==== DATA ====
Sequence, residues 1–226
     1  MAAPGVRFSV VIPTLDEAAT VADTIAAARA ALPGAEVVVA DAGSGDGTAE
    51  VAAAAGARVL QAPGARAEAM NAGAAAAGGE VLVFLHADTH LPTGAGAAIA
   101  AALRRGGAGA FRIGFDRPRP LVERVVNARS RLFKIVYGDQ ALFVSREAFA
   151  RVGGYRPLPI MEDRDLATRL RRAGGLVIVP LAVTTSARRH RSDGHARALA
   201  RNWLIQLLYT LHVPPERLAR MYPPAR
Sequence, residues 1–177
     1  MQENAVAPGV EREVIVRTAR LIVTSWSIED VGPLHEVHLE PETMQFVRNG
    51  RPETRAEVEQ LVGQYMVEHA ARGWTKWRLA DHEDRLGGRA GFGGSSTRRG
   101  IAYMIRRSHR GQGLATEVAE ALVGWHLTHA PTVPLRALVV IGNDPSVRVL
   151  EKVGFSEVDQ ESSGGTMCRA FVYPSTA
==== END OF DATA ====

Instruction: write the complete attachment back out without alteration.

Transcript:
Sequence, residues 1–226
     1  MAAPGVRFSV VIPTLDEAAT VADTIAAARA ALPGAEVVVA DAGSGDGTAE
    51  VAAAAGARVL QAPGARAEAM NAGAAAAGGE VLVFLHADTH LPTGAGAAIA
   101  AALRRGGAGA FRIGFDRPRP LVERVVNARS RLFKIVYGDQ ALFVSREAFA
   151  RVGGYRPLPI MEDRDLATRL RRAGGLVIVP LAVTTSARRH RSDGHARALA
   201  RNWLIQLLYT LHVPPERLAR MYPPAR
Sequence, residues 1–177
     1  MQENAVAPGV EREVIVRTAR LIVTSWSIED VGPLHEVHLE PETMQFVRNG
    51  RPETRAEVEQ LVGQYMVEHA ARGWTKWRLA DHEDRLGGRA GFGGSSTRRG
   101  IAYMIRRSHR GQGLATEVAE ALVGWHLTHA PTVPLRALVV IGNDPSVRVL
   151  EKVGFSEVDQ ESSGGTMCRA FVYPSTA